Development of a web-based tool for the assessment of health and economic outcomes of the European Innovation Partnership on Active and Healthy Ageing (EIP on AHA).
Boehler CEH., de Graaf G., Steuten L., Yang Y., Abadie F.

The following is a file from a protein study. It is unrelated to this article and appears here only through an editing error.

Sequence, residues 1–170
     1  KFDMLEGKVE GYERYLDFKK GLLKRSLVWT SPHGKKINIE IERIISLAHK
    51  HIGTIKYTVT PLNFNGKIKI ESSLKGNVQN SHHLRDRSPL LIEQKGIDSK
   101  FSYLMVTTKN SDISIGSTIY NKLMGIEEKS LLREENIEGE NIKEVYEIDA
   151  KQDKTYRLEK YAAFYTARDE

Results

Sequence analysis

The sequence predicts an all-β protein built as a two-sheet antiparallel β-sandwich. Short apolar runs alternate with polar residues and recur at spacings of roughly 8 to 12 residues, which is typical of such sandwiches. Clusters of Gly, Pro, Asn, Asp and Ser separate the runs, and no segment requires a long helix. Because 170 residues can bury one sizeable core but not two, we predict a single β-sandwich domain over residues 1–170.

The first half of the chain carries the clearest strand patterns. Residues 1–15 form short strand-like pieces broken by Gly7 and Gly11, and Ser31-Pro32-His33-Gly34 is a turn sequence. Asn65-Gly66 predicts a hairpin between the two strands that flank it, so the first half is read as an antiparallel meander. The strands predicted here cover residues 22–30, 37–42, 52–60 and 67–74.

BACKGROUND: The European Innovation Partnership on Active and Healthy Ageing (EIP on AHA) is a European Commission led policy initiative to address the challenges of demographic change in Europe. For monitoring the health and economic impact of the social and technological innovations carried out by more than 500 stakeholder's groups ('commitments') participating in the EIP on AHA, a generic and flexible web-based monitoring and assessment tool is currently being developed. AIM: This paper describes the approach for developing and implementing this web-based tool, its main characteristics and capability to provide specific outcomes that are of value to the developers of an intervention, as well as a series of case studies planned before wider rollout. METHODS: The tool builds up from a variety of surrogate endpoints commonly used across the diverse set of EIP on AHA commitments in order to estimate health and economic outcomes in terms of incremental changes in quality adjusted life years (QALYs) as well as health and social care utilisation. A highly adaptable Markov model with initially three mutually exclusive health states ('baseline health', 'deteriorated health' and 'death') provides the basis for the tool which draws from an extensive database of epidemiological, economic and effectiveness data; and also allows further customisation through remote data entry enabling more accurate and context specific estimation of intervention impact. Both probabilistic sensitivity analysis and deterministic scenario analysis allow assessing the impact of parameter uncertainty on intervention outcomes. A set of case studies, ranging from the pre-market assessment of early healthcare technologies to the retrospective analysis of established care pathways, will be carried out before public rollout, which is envisaged end 2015. CONCLUSION: Monitoring the activities carried out within the EIP on AHA requires an approach that is both flexible and consistent in the way health and economic impact is estimated across interventions and commitments. The added value for users of the MAFEIP-tool is its ability to provide an early assessment of the likelihood that interventions in their current design will achieve the anticipated impact, and also to identify what drives interventions' effectiveness or efficiency to guide further design, development or evaluation.